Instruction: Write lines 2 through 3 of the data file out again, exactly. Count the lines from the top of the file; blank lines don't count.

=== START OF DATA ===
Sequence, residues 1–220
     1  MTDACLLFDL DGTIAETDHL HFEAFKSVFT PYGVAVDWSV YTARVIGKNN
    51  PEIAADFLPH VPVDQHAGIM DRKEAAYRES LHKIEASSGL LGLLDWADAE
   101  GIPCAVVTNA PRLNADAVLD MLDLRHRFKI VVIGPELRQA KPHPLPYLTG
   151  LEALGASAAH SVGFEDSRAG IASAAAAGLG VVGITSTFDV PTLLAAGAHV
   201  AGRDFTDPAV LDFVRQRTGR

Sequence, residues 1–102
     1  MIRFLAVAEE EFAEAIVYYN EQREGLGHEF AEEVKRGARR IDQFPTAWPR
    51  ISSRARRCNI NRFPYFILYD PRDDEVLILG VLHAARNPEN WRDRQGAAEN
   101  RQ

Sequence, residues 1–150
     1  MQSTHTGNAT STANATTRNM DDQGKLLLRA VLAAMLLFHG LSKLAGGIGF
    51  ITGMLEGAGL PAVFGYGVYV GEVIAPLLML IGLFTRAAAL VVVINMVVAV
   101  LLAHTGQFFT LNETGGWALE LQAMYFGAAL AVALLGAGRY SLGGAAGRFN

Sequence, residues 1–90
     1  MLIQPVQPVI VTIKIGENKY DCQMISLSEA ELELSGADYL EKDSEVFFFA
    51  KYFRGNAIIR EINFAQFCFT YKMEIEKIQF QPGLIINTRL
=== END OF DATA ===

     1  MTDACLLFDL DGTIAETDHL HFEAFKSVFT PYGVAVDWSV YTARVIGKNN
    51  PEIAADFLPH VPVDQHAGIM DRKEAAYRES LHKIEASSGL LGLLDWADAE